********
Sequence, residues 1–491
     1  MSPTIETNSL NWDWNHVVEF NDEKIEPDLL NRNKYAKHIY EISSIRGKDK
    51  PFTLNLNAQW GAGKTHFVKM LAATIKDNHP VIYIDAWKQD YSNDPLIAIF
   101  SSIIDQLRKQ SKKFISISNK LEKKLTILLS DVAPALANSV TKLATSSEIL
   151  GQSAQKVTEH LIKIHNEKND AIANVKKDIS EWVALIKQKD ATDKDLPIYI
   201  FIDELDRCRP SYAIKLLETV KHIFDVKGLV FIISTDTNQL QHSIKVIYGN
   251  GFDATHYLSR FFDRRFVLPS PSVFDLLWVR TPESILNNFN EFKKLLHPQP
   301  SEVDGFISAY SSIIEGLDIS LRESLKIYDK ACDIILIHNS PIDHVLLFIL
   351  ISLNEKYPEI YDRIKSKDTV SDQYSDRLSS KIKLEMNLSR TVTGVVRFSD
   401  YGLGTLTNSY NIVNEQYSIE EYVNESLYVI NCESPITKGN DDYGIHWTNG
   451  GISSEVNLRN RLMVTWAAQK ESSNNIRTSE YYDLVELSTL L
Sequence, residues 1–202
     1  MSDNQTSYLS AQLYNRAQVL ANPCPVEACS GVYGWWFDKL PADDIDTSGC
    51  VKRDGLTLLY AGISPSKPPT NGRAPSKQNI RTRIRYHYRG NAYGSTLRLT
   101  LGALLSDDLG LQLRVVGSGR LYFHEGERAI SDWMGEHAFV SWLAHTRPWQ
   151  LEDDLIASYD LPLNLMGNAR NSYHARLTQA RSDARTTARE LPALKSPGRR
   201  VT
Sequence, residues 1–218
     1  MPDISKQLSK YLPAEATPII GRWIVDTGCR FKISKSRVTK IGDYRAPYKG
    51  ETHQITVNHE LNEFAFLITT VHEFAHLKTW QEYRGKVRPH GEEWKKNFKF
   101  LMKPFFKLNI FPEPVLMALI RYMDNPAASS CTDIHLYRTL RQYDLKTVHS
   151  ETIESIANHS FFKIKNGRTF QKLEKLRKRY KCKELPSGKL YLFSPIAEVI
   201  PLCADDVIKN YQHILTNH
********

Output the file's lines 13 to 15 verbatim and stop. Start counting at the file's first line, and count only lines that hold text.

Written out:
     1  MSDNQTSYLS AQLYNRAQVL ANPCPVEACS GVYGWWFDKL PADDIDTSGC
    51  VKRDGLTLLY AGISPSKPPT NGRAPSKQNI RTRIRYHYRG NAYGSTLRLT
   101  LGALLSDDLG LQLRVVGSGR LYFHEGERAI SDWMGEHAFV SWLAHTRPWQ